One of the silliest questions to ever ask a woman with children is..do you work?
There is a big difference between a woman working for a paycheque and one staying home with children, however both of them work.
I was a very lucky parent and was able to stay home with my very young children. We had no money and an extra paycheque would have made life so much easier but, that was the time that being a mom meant staying home with the kids. There was no thought of me going to work, my job was to look after my children and, mostly, I enjoyed it.
We lived in a neighbourhood of mixed age groups, lots of young people with pre-schoolers, mixed in with long married couples and several elderly people that everyone looked out for. If you were going to the store, you would ask the older people if they needed anything bringing back for them, most times the answer was yes and you knew which store they preferred to get their bread from. It was not thought of as a kindness but as a way of life.
It really was a simpler time when babies were bathed, fed and put out in the garden for their morning nap while mom got on with the household chores. We lived in a row house with a tiny front garden, three scruffy rose bushes two geraniums and the baby carriage filled the entire space. No thought was given to abductions as there was always one or two of the elderly ladies sitting outside, enjoying the fresh air. They knew everyone in the neighbourhood and didn’t think twice about asking a stranger what they were doing in their territory. If the baby fussed they would come over and jiggle the pram handle to lull the infant back to sleep.
This was the time of large English prams that were like rolling boats, they held the baby and so much other stuff. There was a large wire tray built underneath the body of the pram to hold groceries etc. The pram body was rounded underneath and the bed could be lifted to reveal a huge storage area under the sleeping child. When morning chores were done, there was usually a short trip to the nearby stores, the infant would usually sleep while bread, eggs and other supplies were tucked in the carriage.
On Fridays our town had a big market, it was THE place to shop. Fresh fruit and veggies in abundance, fresh eggs and home cheeses, even a cobbler to do a quick repair on your shoes. There were always one or two roguish individuals who would be selling cheap china or clothing but it was mainly food. The place would be packed with middle aged women with shopping baskets and young mums with baby carriages. I would get my supplies, stuff them in and around the pram, hang the remainder from the handle and walk the mile and a half home.
As the child grew the grocery items had to be arranged elsewhere or it was possible that items would be tossed out of the pram, on the way home. When baby number two arrived, the new baby would claim the bed of the carriage while the toddler was sat on a seat that attached across the body of the pram. This was handy for tired little legs to be transported but not terribly convenient for mom.
My eldest daughter was twelve months old when her sister was born and her favourite pastime was to stick her hand between her knees and pull the blanket off the sleeping infant below her. Next would come booties and anything else tucked under the blanket. Groceries were stored in a tray, under the pram and also hung off the handle on specially designed hooks. The trouble with this arrangement was the pram was now unstable and likely to tip over, especially if the toddler decided to wriggle and bounce. To avoid this, I had to hold the handle of the pram up, to counterweight the unsteady load. By the time I got home, I was tired, the toddler was cranky and the baby would be screaming to be fed.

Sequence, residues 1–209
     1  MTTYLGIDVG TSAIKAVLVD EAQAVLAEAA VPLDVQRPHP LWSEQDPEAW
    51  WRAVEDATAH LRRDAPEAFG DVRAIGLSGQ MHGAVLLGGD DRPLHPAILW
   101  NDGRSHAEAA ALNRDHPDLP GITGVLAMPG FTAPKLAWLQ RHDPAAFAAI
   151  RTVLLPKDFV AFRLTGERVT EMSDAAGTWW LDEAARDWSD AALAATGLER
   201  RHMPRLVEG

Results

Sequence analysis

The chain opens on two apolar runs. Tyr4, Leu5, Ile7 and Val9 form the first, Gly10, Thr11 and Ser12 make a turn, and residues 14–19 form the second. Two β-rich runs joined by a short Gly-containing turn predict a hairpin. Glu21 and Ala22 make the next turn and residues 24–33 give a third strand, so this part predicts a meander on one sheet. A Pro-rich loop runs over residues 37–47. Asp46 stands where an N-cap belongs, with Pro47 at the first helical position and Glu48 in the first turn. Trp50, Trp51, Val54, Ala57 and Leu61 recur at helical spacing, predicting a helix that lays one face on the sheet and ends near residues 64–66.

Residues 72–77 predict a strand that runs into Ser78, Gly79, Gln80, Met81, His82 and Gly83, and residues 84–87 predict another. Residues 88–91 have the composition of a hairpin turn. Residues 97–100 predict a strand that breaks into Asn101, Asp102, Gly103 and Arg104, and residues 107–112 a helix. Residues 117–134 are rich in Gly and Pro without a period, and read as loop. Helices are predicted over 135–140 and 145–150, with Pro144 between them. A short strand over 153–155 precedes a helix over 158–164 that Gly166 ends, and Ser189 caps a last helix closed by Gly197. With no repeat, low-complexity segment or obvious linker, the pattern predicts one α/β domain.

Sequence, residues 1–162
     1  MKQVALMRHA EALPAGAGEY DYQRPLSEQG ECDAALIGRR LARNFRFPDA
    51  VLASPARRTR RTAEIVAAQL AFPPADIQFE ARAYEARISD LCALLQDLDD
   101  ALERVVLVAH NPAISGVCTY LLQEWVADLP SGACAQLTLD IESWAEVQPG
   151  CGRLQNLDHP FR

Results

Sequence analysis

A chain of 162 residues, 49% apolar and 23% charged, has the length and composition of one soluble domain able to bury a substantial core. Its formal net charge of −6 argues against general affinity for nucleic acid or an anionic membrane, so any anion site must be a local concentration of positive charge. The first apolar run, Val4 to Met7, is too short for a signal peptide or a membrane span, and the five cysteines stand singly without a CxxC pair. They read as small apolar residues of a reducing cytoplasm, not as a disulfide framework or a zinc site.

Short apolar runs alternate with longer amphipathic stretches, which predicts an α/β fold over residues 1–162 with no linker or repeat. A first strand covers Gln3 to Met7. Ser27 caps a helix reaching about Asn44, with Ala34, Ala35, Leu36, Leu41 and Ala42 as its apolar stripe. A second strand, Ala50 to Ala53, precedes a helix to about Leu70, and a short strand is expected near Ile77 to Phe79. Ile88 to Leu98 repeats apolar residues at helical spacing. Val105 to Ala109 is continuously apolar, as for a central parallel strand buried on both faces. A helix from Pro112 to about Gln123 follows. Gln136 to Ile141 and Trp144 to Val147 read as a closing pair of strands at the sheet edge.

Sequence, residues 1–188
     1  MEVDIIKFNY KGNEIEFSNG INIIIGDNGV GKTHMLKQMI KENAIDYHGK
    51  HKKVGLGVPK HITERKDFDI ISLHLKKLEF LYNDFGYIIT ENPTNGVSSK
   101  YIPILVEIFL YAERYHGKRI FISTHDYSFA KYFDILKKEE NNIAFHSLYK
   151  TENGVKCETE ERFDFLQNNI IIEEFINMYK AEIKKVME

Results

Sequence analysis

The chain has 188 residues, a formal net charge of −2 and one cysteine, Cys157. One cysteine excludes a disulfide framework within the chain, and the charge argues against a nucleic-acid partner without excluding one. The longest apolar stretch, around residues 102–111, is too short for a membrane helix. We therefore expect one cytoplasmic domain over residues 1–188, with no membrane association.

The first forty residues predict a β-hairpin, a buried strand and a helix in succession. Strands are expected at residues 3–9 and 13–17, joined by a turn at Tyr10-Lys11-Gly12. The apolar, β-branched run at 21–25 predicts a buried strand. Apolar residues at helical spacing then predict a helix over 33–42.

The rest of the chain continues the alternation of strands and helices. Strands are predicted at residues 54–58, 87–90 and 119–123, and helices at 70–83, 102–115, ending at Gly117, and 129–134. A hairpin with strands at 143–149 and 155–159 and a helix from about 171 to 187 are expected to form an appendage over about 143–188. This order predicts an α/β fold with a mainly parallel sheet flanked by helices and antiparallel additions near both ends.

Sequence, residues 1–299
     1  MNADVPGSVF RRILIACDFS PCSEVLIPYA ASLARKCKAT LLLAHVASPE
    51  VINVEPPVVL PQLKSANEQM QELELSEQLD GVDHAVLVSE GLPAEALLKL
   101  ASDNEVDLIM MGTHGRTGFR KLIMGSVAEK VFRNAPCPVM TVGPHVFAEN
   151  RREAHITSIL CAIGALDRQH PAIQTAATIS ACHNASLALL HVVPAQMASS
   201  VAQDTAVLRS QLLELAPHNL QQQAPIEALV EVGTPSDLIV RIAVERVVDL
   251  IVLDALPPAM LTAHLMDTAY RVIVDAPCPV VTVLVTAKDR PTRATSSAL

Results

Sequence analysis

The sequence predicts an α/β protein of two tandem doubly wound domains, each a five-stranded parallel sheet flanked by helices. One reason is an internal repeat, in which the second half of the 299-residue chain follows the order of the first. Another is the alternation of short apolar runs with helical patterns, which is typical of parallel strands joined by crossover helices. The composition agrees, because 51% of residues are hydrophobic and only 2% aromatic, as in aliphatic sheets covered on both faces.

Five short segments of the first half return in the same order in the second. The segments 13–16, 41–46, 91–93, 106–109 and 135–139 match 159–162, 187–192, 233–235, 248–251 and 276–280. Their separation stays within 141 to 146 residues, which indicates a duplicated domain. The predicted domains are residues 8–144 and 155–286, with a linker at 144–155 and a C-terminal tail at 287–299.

What to do first? Put away groceries, feed the toddler or feed the baby?
Groceries had to be abandoned for a while, toddler given a cookie to shut her up and baby snuggled down for a feed. For a few minutes, silence was king.
Two years later we were surprised with twin girls, that meant four children under the age of three and a half. Going out with all four was certainly a challenge. The new arrivals shared a twin pram but this had a hood on either end, leaving nowhere to anchor a toddler seat. The only answer was to walk everywhere, not an easy task! My three year old was an adventurer, she did not want to hold on to me or the pram, she wanted to be free to explore every dandelion, worm, stone and leaf that we passed, making for a very slow journey. The two year old, completely different, was terrified of getting left behind so she would grasp my leg and slide along.
Surprisingly, that was the year I learned to drive! Dave worked a lot of night shifts which meant that our van sat outside all day, while I struggled with transporting four kids on foot. I drove for eighteen months before I took my test. I was such a careful driver as I really didn’t want to get caught but the freedom of the car was like a new lease on life.
One day I had a tooth removed, it was a terribly painful experience and turned out to be abcessed. After a night without any sleep and a swollen jaw, I begged Dave not to go to work, so I could stay in bed. His answer, “just take it easy and don’t do anything.” Anyone who has had to watch four preschoolers knows what a joke that is. I lay on the couch with my face on a hot water bottle while four little kids sat on me and played horsie. I managed to feed them breakfast and lunch, and keep them from killing one another then handed them over to Dave, while I took to the peace and quiet of my wonderful bed.
As I stated at the beginning of this narrative……never ask a mother if she works, she may hit you!